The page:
Russian Oil Spill Causes River to turn Crimson Red
Updated: Jul 25
By Yusra Adil
Russia has declared an environmental state of emergency on the federal level after the diesel oil spill in Norilsk, Krasnoyarsk Krai, Russia. This ongoing disaster in Russia’s north has already polluted Russia’s largest freshwater lake and is said to spread within the Arctic Circle and contaminate the Arctic ocean, destroying millions of animal and plant species. According to Russian News, the oil spill was reported late to the media, thus, immediate measures were not effectively taken by the Russian government. In fact, Russian President Vladimir Putin found out about the oil spill through social media, 2 days after the oil spill. The oil spill started to leak on May 29, 2020. The oil spill is caused by the collapse of a fuel reservoir owned by Nornickel, Russia’s largest nickel and palladium mining and smelting company, at a power plant operated by Norilsk-Taimyr Energy Co. Melting permafrost caused the collapse of the oil fuel tank holding 21,000 tonnes of diesel oil to spill in Russia's Arctic Circle approximately spreading 135 square miles. When the permafrost on which the tank platform was built on began to soften, due to global warming and warm temperature in Russia, the supporting posts of the oil tank began to sink in the storage basement. Due to damage to the tank, fuel spilled onto the road and into nearby water bodies. According to the Russian Federal Service for Supervision of Natural Resources, 6 000 tons spilled onto the ground and 15 000 tons into the water. The oil spill contaminated Ambarnaya and Daldykan rivers and almost all their tributaries. Furthermore, the oil spill expanded 12km (7.5 miles) from the original spill location, contaminating long stretches of the Ambarnaya, as a result, the river turned crimson red. Moreover, the oil spill is estimated to take five to ten years in terms of clean up, as well as approximately 1.5 billion dollars. Moreover, 10 days after the collapse of the oil tank, the oil spread into Lake Pyasino. On June 9, 2020, several reporting agencies and environmental organizations reported that the spill had reached into Lake Pyasino which then flow into the Pyasino River and eventually into the Arctic Ocean. This indicates that proper precautions and cleanup techniques were not used in the first ten days after the spill to prevent it from entering the Arctic waters, where the wildlife suffer the immense consequences of this spill.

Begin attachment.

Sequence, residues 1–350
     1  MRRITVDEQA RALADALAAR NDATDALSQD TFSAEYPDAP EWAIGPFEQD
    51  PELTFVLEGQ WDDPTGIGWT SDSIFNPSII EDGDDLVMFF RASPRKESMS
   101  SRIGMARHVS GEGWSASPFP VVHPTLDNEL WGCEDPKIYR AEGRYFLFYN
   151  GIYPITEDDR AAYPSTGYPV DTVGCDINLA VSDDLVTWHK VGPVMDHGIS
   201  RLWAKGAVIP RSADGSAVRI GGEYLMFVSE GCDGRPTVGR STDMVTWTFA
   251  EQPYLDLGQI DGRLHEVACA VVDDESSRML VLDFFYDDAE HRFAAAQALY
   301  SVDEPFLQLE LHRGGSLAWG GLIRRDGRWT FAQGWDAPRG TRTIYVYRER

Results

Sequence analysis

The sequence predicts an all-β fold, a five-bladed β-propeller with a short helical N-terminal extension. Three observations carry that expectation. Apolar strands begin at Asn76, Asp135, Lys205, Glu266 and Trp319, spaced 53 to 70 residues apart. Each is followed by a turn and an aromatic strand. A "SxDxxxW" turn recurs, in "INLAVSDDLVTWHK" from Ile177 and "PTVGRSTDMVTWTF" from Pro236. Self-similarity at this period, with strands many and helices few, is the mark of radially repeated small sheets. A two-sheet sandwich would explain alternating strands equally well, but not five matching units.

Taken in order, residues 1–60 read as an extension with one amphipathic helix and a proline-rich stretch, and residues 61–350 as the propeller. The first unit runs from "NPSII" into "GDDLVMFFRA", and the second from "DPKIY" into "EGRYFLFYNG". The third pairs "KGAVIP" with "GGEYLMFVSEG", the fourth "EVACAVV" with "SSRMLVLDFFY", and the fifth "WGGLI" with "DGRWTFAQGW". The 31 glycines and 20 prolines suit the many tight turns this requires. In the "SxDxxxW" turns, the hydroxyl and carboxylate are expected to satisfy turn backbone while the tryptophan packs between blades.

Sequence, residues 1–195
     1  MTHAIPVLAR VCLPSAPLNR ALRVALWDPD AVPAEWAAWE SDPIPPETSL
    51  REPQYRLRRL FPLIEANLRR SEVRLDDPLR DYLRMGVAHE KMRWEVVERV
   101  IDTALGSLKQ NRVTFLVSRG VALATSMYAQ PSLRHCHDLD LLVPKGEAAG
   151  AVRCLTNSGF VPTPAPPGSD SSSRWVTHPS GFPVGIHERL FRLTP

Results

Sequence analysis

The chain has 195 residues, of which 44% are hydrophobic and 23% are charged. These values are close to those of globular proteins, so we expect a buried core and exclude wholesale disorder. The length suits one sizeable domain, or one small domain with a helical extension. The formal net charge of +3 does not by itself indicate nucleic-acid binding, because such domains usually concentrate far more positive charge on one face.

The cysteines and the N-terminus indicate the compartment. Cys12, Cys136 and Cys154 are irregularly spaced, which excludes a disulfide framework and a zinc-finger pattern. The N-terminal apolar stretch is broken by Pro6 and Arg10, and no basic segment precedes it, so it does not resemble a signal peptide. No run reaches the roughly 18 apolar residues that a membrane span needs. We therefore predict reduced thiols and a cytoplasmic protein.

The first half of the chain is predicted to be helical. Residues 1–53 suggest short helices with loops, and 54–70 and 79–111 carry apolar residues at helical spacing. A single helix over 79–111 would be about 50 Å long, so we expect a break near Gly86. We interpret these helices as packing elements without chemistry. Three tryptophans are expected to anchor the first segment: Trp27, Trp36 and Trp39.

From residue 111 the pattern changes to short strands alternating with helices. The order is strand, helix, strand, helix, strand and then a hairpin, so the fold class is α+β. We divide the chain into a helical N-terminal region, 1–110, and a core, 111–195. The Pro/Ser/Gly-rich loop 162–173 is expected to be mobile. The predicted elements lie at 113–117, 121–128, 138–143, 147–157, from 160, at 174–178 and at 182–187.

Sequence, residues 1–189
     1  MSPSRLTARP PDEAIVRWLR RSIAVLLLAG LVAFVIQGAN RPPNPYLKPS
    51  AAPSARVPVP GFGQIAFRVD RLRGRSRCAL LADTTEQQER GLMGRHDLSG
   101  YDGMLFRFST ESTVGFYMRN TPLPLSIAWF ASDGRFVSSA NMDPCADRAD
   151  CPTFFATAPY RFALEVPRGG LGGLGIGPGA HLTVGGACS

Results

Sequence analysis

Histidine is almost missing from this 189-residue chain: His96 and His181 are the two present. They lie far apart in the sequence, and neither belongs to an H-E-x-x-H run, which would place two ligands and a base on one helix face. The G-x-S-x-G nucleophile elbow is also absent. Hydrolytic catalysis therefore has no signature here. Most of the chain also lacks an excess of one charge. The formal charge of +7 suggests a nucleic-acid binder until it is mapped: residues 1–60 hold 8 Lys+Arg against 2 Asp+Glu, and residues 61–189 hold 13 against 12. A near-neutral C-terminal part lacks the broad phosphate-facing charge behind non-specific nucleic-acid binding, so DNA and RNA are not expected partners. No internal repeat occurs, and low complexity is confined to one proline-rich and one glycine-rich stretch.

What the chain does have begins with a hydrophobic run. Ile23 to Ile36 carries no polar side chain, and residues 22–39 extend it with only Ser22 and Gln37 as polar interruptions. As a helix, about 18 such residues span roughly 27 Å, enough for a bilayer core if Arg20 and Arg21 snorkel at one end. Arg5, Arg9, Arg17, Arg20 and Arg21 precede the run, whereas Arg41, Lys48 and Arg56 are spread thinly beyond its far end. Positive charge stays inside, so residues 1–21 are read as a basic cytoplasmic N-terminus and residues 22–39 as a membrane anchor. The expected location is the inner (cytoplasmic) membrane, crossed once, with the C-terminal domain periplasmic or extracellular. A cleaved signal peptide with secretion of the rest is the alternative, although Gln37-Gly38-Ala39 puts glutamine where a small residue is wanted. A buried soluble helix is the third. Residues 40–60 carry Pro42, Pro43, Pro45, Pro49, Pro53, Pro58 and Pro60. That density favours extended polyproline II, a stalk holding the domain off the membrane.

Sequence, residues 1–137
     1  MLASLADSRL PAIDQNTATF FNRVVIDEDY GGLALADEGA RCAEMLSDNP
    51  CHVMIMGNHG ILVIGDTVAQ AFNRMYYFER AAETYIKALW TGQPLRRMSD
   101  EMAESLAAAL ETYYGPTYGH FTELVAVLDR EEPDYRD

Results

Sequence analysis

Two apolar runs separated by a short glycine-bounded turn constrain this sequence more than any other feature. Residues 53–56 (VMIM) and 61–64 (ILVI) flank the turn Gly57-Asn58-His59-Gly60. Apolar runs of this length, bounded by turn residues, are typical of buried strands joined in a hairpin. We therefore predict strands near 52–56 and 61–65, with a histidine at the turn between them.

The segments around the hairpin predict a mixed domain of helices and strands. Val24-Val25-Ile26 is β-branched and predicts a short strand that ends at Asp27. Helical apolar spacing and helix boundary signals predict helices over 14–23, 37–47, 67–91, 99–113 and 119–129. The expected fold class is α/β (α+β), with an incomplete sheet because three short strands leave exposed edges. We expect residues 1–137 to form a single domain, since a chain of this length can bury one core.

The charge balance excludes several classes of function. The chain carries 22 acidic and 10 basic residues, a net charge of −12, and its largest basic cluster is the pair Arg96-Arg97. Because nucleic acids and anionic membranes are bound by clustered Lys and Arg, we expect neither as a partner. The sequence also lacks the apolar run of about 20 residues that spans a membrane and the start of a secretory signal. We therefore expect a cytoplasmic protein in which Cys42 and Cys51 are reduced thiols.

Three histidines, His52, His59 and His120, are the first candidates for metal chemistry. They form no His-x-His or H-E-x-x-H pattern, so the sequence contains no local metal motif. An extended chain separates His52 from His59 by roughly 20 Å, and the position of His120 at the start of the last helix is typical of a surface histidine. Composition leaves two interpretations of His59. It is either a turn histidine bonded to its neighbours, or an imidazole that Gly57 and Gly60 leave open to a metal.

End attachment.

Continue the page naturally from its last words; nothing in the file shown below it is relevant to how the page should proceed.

The delay in informing government officials and the company’s ageing reservoirs, both angered Russian President Vladimir Putin, which he discussed with Vladimir Potanin, the billionaire president of Nornickel in a televised video call. Putin suggests that “If you [Vladimir Potanin] had changed them [reservoirs] on time, there would have been no environmental damage and no need to foot such costs.” To which Nornickel replied by assuring to cover all cleanup costs to restore the local environment. However, Nornickel has been held responsible for previous oil spill disasters such as the oil spill in 2016 due to heavy rain which caused overflow at a dam which led to the Daldykan river turning bright red. Several organizations claim that Nornickel uses environmental conditions as an excuse for unsafe working facilities as the company claimed that the increase in global temperatures and effects of climate change caused the permafrost to melt which then resulted in the oil reservoir collapsing. Similarly, Nornickel also claimed that the reason for the oil contamination in the Daldykan river was due to heavy rain and flooding.
Alexei Knizhnikov, an expert from World Wildlife Fund, claims that the accident is the second-largest oil spill in modern Russian history in terms of oil volume apart for the 1994 Usinsk spill in which an estimated 100,000 tons of oil had burst from an old pipeline. Greenpeace has already called the spill the first accident of such a large scale in the Arctic while comparing it to the 1989 Exxon Valdez disaster in Alaska.
*All arguments made and viewpoints expressed within Youth In Politics and its nominal entities do not necessarily reflect the views of the writers or the organization as a whole.
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